Michael Krepon suggested watching the movie “Seven Days in May” starring Burt Lancaster, Kirk Douglas and Ava Gardner as an object lesson – The consequences any leader who choose to walk down the path of peace would face. While Seven Days and the hit series 24 that depict the possibility of coups may be exaggerations, a military presuming itself to know better than the civilian leadership, be more patriotic, more acutely aware of the price of peace is not so out of place even in a country with rock solid constitutional norms like America. General Douglas Macarthur rocked the boat on this one (though its direct relation to the nuclear issue is contested) and General Curtis LeMay came to the edge of fraying civil-military relations during the Cuban missile crisis, and with the benefit of hindsight we can conclusively say his actions would have led to a Soviet nuclear strike.
This begs the question: what would happen in South Asia if a peace deal were actually to be struck? I rule out bilateral nuclear disarmament for the simple reason that given the Pakistan-India-China triangle that feeds into the Russia-China-USA triangle, a peace deal is far more likely than a deal to eliminate nuclear weapons.
Politically both countries are more or less in the era of coalition governments, polarised around two opposing parties – essentially weak governments. As coalition politics go – one can assume like with all things South Asian, the opposition will oppose while in opposition, and embrace when in power. We have seen this with drone strikes in Pakistan and with several controversial contracts like the Dabhol Power Project in India, where the opposition railed against them, but once in power embraced or tolerated what had happened.
But India and Pakistan are fundamentally feudal democracies. In India this has meant inordinate power rests with bureaucrats while in Pakistan the army has assumed much more extensive powers. As Sir Ivor Jennings, a British era civil servant, predicted presciently in 1952 that the net result of partition was not a Hindu-Muslim divide, but rather that Pakistan got the army and India got the bureaucracy and these would hang around their necks like a noose. Going by experience and given the Augustan nature (everything revolves around the emperor – but if an emperor is weak the mandarins go off in a tangent) of the Indian Government, any prime minister capable of making peace will also be someone capable of cracking the whip with the mandarins back home.
The military though is a big unknown. Certainly India’s early leaders kept a tight leash on it fearing the coups endemic in developing countries, and doubts have persisted amid the political leadership right upto 2013. How much of this is paranoia and how much of this is real is something that simply isn’t documented well enough to come to any judgement. While on one hand I can personally recollect a handful of seriously scary speeches I’ve heard from some of our top commanders (on military issues – never politics), I have also observed how completely subordinated to civilian authority they are, and kept completely isolated from any aspect of governance and decision making – even security decision making.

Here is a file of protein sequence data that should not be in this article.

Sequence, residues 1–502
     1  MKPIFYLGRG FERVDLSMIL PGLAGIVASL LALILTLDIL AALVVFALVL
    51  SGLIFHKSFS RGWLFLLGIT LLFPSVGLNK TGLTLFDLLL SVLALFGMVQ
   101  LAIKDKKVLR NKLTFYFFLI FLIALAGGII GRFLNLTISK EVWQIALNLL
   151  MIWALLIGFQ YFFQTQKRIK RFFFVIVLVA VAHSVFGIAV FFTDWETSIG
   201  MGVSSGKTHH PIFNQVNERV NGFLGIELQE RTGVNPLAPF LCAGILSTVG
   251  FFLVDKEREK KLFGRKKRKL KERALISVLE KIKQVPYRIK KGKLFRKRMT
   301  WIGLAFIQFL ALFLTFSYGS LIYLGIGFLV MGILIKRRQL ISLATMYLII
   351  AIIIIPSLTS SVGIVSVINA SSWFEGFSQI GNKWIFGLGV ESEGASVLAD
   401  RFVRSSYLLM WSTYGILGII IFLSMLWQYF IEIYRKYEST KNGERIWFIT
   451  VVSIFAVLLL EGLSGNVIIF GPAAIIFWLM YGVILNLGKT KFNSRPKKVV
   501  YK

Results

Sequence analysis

For India a peace deal has no significant geopolitical negatives. In fact some of the more innovative solutions I’ve heard (river in lieu of land: give up upper riparian rights on one additional Indus tributary) circumvent the asymmetry of tangibles (land is a tangible, peace is not) that will plague any solution. The worst possible scenario is a continuation of terrorism which India has more or less inured itself to.
The Pakistan army on the other hand looms large in any calculus and has grabbed power on several occasions. But here they would also have a solid case as Pakistan faces a far harder geo-strategic dilemma if it signs a peace deal. For a long time it relied on the United States to achieve qualitative superiority over India’s military and simultaneously on China as a quantity filler and strategic counterbalance in case of a conventional collapse. In effect these were the two pillars of Pakistani security.
Now If it stops being India’s foe, its utility to China is lost. At a time when containing China is the big game, its utility vis-à-vis India to the US is already eroding. At the same time its primary “utility” value to China is by keeping India off balance and the only tool Pakistan has to do this are sub-conventional actors. Yet it is these same sub-conventional actors that are slowly pushing Pakistan and the US towards near total geo-strategic divergence. “Peace” though an intangible in India has massive tangible fallout on Pakistani security as long as they continue to see India as “the enemy” and seek external balancing.
As an Indian though I would ask the question – would a coup in Pakistan really matter? We after all believe that Pakistan is a military state with the façade of civilian governments every now and then for cosmetic effect. In fact a deal with a military dispensation – though lacking in legitimacy, will be far more enforceable than any concluded with a civilian dispensation. But then again said military dispensation might just chicken out and get a civilian government to take over in time to disavow the deal in a later coup.
But then again I’m Indian and quite probably biased.